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Breeding Barley Ornamented with the Novel Agronomical Attributes | OMICS International
ISSN: 2167-0412
Medicinal & Aromatic Plants
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Breeding Barley Ornamented with the Novel Agronomical Attributes

Rustgi S1,2* and von Wettstein D1,2,3,4*

1Department of Crop and Soil Sciences, Washington State University, Pullman, WA 99164, USA

2Molecular Plant Sciences, Washington State University, Pullman, WA 99164, USA

3School of Molecular Biosciences, Washington State University, Pullman, WA 99164, USA

4Center for Reproductive Biology, Washington State University, Pullman, WA 99164, USA

*Corresponding Author:
Rustgi S
Department of Crop and Soil Sciences
Washington State University, Pullman
WA 99164, USA
Tel: +15093353036
E-mail: [email protected]

von Wettstein D
Department of Crop and Soil Sciences
Washington State University, Pullman, WA 99164, USA
Tel: +15093353635
E-mail: [email protected]

Received Date: April 04, 2015; Accepted Date: April 10, 2015; Published Date: April 14, 2015

Citation: Rustgi S, von Wettstein D (2015) Breeding Barley Ornamented with the Novel Agronomical Attributes. Med Aromat Plants 4: e158. doi:10.4172/2167-0412.1000e158

Copyright: © 2015 Rustgi S, et al. This is an open-access article distributed under the terms of the Creative Commons Attribution License, which permits unrestricted use, distribution, and reproduction in any medium, provided the original author and source are credited.

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Under the auspice of the project WNP00251, entitled “Breeding Barley for Imidazolinone Resistance and High Grain Lysine Content” we are committed to develop nutritionally enhanced and ecologically adapted high yielding barley cultivars for the State of Washington. Spring barley, which is one of the preferred rotational crops after winter wheat, has lost acreage throughout the US [1]. Specifically, in the State of Washington observed decline in acreage was quite stark, from 500,000 acres planted in 1999 to 115,000 acres in 2014. A combination of biological, edaphoclimatic and agronomical factors are responsible for this decline, in particular susceptibility of barley to commonly used herbicides and prevailing races of foliar as well as rhizopathogens contribute to it [2]. No natural resistance to imidazolinone (IMI) herbicides and major rhizopathogens of the dryland barley production exist in the extant germplasm [2]. In addition, since, feed barley is the preferentially cultivated class of barley in the State of Washington we focused our efforts both on enhancement of grain feed quality and sustainability of barley production by respectively improving grain lysine content, and developing resistance to major rhizopathogens and tolerance to IMI herbicides. The progress made in this direction is discussed below:

i) Breeding for imidazolinone tolerance: The decline in barley acreage can be in part explained by the large-scale application of IMI herbicides and adaptation of IMI-resistant crops. Making transfer of IMI-resistance, characterized by us in the feed barley cultivar Bob to other relevant food, feed and malting barleys a primary breeding objective [3]. In this connection the seed grant received from the Wash. Grain Commission, allowed us to transfer IMI resistance to six barley cultivars two each belonging to three market classes of barley. The transfer of resistance was primarily confirmed by herbicide spray at a 2× (8 oz/acre) field recommended dose (for winter wheat) followed by determination of plant vigor a month after herbicide spray. Based on the phenotypic screen 6-8 most vigorous F2 plants per cross-combination were tested for mutant allele at the AHAS (acetohydroxy acid synthase) locus by DNA sequencing, and the recovery of recipient parent genome by genotyping with the carrier chromosome 6H specific DNA markers. Results of this pilot study revealed a range of 20-90% recovery of the recipient parent genome for the carrier chromosome in different cross combinations. Collectively, this study unambiguously showed that it is possible to identify plants with good recipient parent genome recovery without involving the laborious backcrossing steps [4]. In view of these results we are now screening 192 F2 individuals per cross combination for the recovery of the recipient parent genome using a three step marker-assisted selection approach. This approach involves a foreground selection step followed by two background selection steps, which include sequential screening with carrier chromosome specific and genome-wide DNA markers. The plants showing good recovery of the recipient parent genome will be evaluated for their performance in field on herbicide residue and under spray trials.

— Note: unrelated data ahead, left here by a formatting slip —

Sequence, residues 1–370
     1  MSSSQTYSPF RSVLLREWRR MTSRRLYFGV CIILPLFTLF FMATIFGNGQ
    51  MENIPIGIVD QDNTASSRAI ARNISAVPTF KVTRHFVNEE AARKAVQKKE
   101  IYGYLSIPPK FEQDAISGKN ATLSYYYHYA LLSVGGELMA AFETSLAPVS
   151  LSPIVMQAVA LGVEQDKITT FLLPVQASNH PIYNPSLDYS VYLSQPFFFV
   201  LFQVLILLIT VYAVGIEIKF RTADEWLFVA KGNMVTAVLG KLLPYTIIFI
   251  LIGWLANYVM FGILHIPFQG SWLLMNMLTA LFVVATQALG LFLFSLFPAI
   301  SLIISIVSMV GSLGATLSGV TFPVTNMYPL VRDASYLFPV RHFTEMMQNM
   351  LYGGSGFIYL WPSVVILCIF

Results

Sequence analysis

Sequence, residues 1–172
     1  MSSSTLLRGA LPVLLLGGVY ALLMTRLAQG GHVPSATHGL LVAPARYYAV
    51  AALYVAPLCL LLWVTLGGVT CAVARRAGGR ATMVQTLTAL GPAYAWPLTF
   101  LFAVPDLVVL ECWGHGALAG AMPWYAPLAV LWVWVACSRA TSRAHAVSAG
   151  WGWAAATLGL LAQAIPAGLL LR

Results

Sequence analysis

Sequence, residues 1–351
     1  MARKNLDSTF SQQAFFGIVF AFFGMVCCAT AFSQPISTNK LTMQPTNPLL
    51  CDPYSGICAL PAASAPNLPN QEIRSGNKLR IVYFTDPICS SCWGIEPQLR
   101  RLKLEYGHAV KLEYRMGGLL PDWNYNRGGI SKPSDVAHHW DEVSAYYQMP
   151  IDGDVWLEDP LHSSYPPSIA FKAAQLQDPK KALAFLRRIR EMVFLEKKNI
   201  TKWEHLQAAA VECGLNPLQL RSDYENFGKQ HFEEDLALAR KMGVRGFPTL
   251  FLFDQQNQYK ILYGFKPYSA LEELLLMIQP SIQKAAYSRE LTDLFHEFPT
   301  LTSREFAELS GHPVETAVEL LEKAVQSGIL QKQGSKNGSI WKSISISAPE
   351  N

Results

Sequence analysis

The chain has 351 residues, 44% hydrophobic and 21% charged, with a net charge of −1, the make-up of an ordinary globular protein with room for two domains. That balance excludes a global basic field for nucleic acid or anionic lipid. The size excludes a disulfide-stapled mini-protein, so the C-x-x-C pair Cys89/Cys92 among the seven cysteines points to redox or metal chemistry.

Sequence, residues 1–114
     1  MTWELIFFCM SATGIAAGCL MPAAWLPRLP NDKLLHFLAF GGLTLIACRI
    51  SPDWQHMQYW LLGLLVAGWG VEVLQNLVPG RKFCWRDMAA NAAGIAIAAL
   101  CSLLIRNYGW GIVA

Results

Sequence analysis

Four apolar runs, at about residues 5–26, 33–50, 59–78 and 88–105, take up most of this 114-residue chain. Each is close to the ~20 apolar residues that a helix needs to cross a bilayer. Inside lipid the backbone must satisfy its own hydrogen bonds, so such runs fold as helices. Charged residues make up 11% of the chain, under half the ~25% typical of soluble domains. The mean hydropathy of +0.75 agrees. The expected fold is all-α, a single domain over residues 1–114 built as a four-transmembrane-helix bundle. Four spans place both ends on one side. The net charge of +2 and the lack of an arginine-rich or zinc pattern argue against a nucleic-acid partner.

ii) Pre-breeding for the high grain lysine content: All cultivated barleys are lysine deficient, and require lysine fortification for feeding livestock. Thus, improving lysine content has always remained a primary breeding target. To cope with this problem the breeders have produced high-lysine barley mutants, but despite of several attempts, were unsuccessful in dissecting yield penalty associated with the only agronomically relevant high-lysine barley mutant Risø 1508 (Lys3a) with 44% more lysine than wild type. The possible reasons behind the unsuccessful attempts may be either the size of the primary mutation or its tight association with other undesirable background mutations. Moreover the miss-localization of the Lys3 locus on barley chromosome 5H made its cloning virtually impossible. With the help of our collaborators in Germany we determined that ~10 Mb DNA stretch from Risø 1508 on the short arm of chromosome 1H carries Lys3 gene. It is a big chromosome segment harboring several hundred genes [5]. Thus, in order to narrow down the effect to a smaller chromosomal region with fewer genes, crosses were made between a near iso-genic line dubbed BW496 carrying the Lys3 mutant allele in the Bowman background with Golden Promise, and >2000 F2 grains were obtained. DNA markers flanking the region of interest will be used to evaluate these F2 plants to identify genotypes carrying recombinations within this region. Identified recombinants will be genotypes with additional DNA markers mapping within the region [5]. If required more DNA markers will be developed and more crosses will be made, and the process will be repeated until a limited number of candidate genes will be identified whose effect on the lysine content will be confirmed by gene silencing.